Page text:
Both sides of the face are not a mirror image. This means that the shape on one half (right or left side) is not exactly the same as the other half. However, this is not easily distinguished by the naked eye and the differences in most people, although not as subtle as one may think, is usually not a cause for concern. It is not considered to be a deformity and at most impacts on aesthetics as studies have shown that perfectly symmetrical faces are considered to be more attractive.
However, there are instances where there is significant enlargement of one half of the face, or a part of one side. It may due to a mass, skull deformity, soft tissue changes, fluid buildup or swelling which is often a result of inflammation. This unilateral facial swelling needs to be medically investigated to identify the underlying cause. It is a symptoms of some underlying condition and resolves upon effective treatment of the causative condition.
Enlargement of One Half of the Face
An enlargement of one side of the face may not always be serious. It can nevertheless cause significant psychological stress due to the aesthetic impact. The enlargement can be acute where it arises suddenly and can be very severe, often accompanied by other symptoms like pain. It may resolve on its own in a short period of time or after treatment. Alternatively it may be chronic where it develops gradually and persists for long periods of time or even for a lifetime.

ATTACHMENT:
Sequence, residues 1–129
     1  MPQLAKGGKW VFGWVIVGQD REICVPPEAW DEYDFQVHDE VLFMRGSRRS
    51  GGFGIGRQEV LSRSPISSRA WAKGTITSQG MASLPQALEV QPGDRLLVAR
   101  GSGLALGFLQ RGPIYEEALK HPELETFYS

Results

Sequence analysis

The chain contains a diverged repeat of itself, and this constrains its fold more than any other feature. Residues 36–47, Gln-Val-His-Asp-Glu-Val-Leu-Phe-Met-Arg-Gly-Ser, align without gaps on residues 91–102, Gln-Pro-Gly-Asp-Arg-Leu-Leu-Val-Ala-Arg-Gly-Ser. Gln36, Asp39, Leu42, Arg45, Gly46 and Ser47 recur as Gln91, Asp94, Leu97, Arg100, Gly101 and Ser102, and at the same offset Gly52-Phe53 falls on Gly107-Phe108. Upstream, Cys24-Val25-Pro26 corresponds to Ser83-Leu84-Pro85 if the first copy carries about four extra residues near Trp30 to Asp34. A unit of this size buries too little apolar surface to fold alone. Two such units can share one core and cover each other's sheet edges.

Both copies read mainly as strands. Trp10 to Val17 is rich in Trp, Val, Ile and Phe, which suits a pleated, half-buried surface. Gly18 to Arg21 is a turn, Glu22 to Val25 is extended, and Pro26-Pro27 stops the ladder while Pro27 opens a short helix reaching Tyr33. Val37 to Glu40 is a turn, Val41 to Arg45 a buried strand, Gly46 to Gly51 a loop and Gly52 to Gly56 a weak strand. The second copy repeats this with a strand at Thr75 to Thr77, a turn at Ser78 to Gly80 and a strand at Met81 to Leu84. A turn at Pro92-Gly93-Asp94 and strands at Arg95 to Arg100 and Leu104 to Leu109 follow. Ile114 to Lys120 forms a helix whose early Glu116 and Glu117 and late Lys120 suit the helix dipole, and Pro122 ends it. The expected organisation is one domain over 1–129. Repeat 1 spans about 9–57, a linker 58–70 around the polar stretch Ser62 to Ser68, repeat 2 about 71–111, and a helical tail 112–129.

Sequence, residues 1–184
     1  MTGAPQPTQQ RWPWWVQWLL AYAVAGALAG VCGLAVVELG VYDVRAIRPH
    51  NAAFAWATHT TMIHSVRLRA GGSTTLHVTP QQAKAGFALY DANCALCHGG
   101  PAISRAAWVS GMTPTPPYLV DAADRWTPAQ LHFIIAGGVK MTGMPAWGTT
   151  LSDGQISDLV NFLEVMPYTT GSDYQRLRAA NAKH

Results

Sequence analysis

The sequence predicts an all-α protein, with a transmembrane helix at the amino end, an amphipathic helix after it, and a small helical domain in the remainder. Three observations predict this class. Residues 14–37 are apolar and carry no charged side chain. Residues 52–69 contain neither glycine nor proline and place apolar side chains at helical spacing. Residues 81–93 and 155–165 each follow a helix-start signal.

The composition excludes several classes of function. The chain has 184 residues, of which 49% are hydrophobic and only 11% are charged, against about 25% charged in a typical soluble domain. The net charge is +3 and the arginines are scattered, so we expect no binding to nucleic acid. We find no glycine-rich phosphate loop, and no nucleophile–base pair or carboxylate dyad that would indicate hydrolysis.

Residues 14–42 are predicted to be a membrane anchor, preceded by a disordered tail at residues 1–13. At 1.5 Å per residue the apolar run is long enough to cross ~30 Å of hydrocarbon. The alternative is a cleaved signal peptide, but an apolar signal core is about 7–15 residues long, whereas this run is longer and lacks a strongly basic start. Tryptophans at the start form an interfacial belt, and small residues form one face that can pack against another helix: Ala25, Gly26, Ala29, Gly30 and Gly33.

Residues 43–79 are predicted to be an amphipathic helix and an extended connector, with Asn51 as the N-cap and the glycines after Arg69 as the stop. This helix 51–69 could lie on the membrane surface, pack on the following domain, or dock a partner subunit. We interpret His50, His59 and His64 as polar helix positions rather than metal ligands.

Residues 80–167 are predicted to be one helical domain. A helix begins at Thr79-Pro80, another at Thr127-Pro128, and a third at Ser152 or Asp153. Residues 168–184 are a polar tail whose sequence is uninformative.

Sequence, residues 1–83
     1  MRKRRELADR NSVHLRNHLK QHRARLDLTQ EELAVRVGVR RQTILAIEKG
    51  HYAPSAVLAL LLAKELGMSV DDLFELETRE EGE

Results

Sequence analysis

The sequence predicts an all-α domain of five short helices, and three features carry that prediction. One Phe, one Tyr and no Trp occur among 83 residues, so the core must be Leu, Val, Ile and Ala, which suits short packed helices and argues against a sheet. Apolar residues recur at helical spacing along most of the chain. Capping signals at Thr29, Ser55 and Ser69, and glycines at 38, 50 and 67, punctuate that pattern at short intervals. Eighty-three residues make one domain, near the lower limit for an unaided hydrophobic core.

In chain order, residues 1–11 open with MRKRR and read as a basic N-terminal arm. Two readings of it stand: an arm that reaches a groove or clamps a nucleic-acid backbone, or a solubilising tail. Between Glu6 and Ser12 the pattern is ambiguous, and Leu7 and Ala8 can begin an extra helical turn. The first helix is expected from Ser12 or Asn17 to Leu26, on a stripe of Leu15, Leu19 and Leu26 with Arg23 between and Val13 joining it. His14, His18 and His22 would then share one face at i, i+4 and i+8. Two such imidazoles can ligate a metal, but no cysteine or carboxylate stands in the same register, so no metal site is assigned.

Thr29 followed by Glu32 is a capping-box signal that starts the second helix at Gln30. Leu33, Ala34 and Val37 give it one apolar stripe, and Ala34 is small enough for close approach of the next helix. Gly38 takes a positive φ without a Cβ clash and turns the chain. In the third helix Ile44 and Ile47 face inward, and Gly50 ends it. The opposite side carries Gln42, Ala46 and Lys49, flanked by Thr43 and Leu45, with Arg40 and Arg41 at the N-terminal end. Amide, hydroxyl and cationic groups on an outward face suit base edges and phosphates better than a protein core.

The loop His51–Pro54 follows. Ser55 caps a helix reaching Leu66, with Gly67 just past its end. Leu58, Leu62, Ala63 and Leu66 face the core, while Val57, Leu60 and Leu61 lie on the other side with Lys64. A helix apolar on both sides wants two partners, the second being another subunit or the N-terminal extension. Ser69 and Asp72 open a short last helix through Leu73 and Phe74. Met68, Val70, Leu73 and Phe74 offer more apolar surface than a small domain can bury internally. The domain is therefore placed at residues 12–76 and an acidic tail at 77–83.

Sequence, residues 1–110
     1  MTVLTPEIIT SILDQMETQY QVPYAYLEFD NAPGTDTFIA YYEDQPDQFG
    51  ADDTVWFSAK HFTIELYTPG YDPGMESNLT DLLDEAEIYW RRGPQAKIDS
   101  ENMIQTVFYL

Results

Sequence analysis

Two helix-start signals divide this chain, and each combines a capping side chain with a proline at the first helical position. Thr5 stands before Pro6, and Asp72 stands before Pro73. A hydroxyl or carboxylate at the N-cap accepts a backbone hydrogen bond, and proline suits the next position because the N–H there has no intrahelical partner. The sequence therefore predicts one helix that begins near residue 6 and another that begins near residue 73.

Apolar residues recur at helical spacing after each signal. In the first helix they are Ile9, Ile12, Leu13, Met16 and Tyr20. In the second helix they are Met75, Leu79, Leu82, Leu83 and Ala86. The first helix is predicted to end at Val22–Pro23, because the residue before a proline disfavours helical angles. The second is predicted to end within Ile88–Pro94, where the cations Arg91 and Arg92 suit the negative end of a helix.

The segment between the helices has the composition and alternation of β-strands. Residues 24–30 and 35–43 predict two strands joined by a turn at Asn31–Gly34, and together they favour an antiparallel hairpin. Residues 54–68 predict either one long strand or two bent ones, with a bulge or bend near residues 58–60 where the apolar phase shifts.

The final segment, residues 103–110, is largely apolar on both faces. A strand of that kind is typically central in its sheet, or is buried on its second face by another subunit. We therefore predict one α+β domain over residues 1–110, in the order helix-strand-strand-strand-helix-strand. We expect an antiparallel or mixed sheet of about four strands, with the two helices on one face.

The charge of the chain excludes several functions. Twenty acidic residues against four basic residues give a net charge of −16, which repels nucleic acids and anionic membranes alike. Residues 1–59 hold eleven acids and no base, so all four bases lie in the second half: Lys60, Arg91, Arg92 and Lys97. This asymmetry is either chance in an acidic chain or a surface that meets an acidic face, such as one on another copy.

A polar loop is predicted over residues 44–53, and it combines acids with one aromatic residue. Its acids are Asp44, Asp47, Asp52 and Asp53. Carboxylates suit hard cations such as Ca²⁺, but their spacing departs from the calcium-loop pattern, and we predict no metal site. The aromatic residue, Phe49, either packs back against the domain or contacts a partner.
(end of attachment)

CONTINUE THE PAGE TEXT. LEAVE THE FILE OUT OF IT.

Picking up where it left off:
Swelling refers to the accumulation of fluid in the tissue spaces as a result of inflammation. Any tissue damage or potential damage to tissue initiates inflammation. It is the body’s response to minimize the extent of the tissue damage. The blood vessels in the area of the the tissue damage becomes leaky. This causes fluid from the bloodstream to enter the tissue spaces and the area enlarges.
When a blood vessel is rupture, blood can also accumulate in the area. An abscess is a collection of pus often associated with an infection and there is often extensive inflammation around the abscess.
Causes of Unilateral Facial Swelling
There are many possible causes of one-sided facial swelling. Trauma, dental problems like a tooth abscess and allergies are more likely to be the acute causes of swelling. When there is severe pain, swelling, difficulty with moving the jaw and facial distortion then it is possible that the skull bone has been fractures. A common long term reason for facial swelling is enlargement of the large cheek muscle, the masseter muscles, which may arise with chronic clenching.
Injury to the face is one of the most common causes of unilateral facial swelling It may be mechanical, electromagnetic or chemical in nature. Mechanical trauma includes blows to the face like with a punch, slamming against a wall, airbag injuries and falls. Electromagnetic is mainly due to prolonged and intense sun exposures as is the case with sunburn. Chemical trauma may occur with exposure to pool acid and similar harsh substances that cause chemical burns.